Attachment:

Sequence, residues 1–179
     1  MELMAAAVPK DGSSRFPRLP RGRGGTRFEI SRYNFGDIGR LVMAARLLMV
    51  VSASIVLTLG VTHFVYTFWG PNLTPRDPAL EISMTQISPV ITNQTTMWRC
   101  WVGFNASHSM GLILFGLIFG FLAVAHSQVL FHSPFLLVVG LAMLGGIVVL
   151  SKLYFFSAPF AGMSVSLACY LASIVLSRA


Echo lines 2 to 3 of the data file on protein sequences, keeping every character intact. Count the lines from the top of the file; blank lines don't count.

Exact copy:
     1  MELMAAAVPK DGSSRFPRLP RGRGGTRFEI SRYNFGDIGR LVMAARLLMV
    51  VSASIVLTLG VTHFVYTFWG PNLTPRDPAL EISMTQISPV ITNQTTMWRC